# Is there a meaning to the notation “\arg \sup”?

When $f$ is a function on a set $A$, the notation: $\arg\max_{x\in A} f(x)$ denotes the set of elements of $A$ for which $f$ attains its maximum value. This set may be empty, for example, if $f(x)=x$ and $A=(0,1)$, then $f$ has no maximum on $A$, so: $$\arg\max_{x\in (0,1)} f(x) = \emptyset$$

However, $f$ always has a supremum (that can be $\infty$ if $f$ is unbounded), so apparently we can define an "argument-supremum". In this case, this would be: $$\arg\sup_{x\in (0,1)} f(x) = \{1\}$$

Can this "arg sup" operator be defined formally?

I thought to define it in the following way:

$$\arg\sup_{x\in A} f(x) = \arg \max_{x\in \text{closure}(A)}f(x)$$

Is this definition meaningful? Is it used anywhere in mathematics?

• Wait, wouldn't $\arg \sup_{x \in (0, \, 1)} f(x) = \mathbb{R}_{\ge 1}$? – MathMajor Jul 18 '16 at 6:40
• It's not always true that $f$ has a supremum, just take an unbounded function $f$. No upper bounds, therefore no smallest upper bound. The very last equality on your question has other issues, namely that $f$ is not be defined on the closure of $A$, so $f(x)$ where $x$ is in this closure, is meaningless. – Git Gud Jul 18 '16 at 6:46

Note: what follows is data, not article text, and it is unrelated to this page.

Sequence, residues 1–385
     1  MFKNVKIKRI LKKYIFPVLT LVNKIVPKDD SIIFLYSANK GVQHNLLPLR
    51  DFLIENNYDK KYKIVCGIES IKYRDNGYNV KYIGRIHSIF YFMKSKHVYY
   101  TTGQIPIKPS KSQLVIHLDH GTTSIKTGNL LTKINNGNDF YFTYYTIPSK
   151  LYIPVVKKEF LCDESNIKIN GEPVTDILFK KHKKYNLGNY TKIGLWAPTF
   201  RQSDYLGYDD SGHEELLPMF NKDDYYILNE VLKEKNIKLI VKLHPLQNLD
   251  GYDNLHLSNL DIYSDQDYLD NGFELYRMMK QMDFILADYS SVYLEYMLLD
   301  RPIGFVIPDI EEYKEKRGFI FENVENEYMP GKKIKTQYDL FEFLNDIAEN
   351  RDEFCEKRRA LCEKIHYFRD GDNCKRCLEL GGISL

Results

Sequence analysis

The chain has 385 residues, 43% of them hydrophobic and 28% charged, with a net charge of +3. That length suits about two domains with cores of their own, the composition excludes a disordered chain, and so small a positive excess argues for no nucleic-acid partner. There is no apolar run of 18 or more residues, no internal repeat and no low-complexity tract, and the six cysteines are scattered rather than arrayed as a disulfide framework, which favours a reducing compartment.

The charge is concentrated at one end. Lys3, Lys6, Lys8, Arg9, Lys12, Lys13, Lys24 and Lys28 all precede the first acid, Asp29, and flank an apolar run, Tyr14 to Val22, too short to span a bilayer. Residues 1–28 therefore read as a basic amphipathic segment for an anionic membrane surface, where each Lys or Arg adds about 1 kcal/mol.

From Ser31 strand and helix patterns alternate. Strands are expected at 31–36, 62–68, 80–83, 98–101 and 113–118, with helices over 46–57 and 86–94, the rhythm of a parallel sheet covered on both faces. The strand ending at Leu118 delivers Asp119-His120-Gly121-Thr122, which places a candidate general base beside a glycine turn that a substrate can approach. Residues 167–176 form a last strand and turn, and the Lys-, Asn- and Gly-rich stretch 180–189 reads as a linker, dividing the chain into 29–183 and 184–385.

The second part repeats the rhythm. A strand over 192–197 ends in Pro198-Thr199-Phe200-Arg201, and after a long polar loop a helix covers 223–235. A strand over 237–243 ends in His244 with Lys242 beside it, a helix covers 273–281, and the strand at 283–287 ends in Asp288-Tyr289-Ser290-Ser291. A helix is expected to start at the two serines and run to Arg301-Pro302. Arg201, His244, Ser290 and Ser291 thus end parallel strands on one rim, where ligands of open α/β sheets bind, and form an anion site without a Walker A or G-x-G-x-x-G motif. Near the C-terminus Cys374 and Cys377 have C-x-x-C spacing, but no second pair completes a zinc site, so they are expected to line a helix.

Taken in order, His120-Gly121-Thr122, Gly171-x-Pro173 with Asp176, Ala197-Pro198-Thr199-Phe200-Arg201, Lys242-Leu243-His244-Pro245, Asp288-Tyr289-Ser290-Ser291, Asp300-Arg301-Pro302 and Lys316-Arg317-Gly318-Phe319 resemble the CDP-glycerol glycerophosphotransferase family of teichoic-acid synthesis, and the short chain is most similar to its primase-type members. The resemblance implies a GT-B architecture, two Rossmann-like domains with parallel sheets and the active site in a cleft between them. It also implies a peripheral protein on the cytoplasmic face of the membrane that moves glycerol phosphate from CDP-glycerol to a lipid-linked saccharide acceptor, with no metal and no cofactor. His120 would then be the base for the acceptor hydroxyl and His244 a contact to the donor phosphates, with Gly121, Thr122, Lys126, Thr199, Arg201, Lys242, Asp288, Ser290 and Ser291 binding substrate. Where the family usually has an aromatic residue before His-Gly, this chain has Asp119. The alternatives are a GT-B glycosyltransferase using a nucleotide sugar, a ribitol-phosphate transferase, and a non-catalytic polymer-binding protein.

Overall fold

• @GitGud For an unbounded function it is possible to define the supremum as $\infty$ – Erel Segal-Halevi Jul 18 '16 at 13:10
• If the sup is not attained then the "arg sup" would presumably be something like a sequence of points $x_n$ with $f(x_n)$ increasing to the sup. – Ian Jul 18 '16 at 13:13

I think the main problem is not non-closedness but non-compactness. Consider $f(x) =-e^x$. Its supremum is zero, but the function is nowhere zero. However, as every supremum, you can approximate its supremum by function values, i. e. there is a sequence $x_n$ such that $f(x_n)$ converges to 0, but the sequence itself does not converge. This problem would not occur if the base set would be compact. Taking some compactification of the base set may do the trick, but the problem is that you need to ensure some continuity of the extension of the function to the compactification.